Weddings are supposed to be joyous occasions. But weddings are also the times when a family’s past can come back to haunt them. Rachel Getting Married, directed by Jonathan Demme and written by Jenny Lumet, follows a wedding that is festive and celebratory but also painstakingly heartbreaking.
The films focuses on the complicated relationship between sisters Rachel (Rosemarie DeWitt) and Kym (Anne Hathaway). After nine months in rehab, Kym has come home for her sister’s wedding and her presence ensures that the past will more present than ever. Bill Irwin, Anne Deavere Smith, and Debra Winger play prominent supporting roles.
Hathaway is playing against type as a tormented drug-addict and she delivers a fine performance that screams Oscar worthy. Yet it is DeWitt’s subtle performance as the long-suffering Rachel that truely shines. There is a complexity to the character of Rachel that is not seen in Kym. Rachel’s feelings, emotion and past are revealed more through simple gestures than Kym’s verbal revelations. Rachel Getting Married might be a vehicle for Hathaway to prove herself as something more than a Disney princess but it is a star-making role for DeWitt.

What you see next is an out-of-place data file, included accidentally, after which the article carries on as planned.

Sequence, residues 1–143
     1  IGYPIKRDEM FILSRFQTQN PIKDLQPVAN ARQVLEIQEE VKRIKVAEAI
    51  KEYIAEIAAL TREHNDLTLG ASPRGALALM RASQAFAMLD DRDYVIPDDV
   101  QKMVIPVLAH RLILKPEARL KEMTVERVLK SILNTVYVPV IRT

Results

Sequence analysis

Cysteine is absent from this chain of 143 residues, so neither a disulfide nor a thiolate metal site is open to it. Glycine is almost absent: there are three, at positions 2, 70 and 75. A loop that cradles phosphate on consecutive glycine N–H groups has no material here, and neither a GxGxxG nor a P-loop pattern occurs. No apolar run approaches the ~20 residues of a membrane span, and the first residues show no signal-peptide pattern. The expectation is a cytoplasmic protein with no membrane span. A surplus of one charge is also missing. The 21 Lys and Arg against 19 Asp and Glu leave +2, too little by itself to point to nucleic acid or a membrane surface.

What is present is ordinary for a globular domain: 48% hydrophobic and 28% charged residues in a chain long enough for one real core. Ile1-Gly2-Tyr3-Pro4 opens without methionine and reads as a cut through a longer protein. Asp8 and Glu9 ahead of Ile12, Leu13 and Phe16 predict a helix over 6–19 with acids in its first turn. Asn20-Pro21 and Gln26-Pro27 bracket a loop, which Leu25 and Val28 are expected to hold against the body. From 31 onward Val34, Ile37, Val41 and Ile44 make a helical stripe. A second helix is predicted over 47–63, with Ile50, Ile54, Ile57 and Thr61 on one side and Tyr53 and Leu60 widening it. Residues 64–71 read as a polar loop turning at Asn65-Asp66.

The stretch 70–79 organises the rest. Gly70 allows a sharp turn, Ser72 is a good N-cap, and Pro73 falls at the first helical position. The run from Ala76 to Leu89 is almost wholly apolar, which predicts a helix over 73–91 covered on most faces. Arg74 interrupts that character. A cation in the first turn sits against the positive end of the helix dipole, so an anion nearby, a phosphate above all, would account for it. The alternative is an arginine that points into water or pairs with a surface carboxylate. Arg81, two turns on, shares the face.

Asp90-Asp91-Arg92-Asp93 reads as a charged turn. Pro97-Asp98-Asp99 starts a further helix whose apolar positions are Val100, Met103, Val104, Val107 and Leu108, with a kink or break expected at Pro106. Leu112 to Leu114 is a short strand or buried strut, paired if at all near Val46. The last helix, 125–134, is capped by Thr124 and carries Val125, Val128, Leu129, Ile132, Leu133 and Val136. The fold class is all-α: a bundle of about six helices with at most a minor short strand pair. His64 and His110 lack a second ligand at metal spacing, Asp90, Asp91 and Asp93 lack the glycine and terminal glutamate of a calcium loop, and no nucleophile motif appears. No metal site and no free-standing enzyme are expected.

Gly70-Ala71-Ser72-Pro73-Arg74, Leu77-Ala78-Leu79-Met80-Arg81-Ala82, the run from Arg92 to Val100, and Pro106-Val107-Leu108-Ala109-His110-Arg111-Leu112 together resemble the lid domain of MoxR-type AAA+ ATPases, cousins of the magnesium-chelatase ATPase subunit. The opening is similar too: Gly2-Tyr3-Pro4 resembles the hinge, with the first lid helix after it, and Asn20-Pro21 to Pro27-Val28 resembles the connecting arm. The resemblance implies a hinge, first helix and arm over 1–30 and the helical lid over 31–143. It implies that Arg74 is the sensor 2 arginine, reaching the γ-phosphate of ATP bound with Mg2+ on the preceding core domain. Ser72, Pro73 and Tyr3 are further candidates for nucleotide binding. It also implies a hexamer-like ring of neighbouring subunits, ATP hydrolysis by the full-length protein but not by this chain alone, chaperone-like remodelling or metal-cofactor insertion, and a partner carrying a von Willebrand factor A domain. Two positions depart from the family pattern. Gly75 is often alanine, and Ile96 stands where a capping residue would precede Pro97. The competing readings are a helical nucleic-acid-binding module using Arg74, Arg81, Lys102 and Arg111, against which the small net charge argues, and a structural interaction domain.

Using mostly handheld camera shots and naturalistic techniques, Demme captures the essence of a family struggling to come to terms with the past as they start a new beginning. At times Rachel Getting Married reads more like a documentary than a narrative. Yet for the viewer, there is an odd ghostly presence to the film; you find yourself peering in on this family’s past and discovering their secrets.
This is Demme’s best film since The Silence of the Lambs. The performances of Hathaway and DeWitt and the stellar script by Lumet make Rachel Getting Married a film not to be missed.
Updated November 24, 2010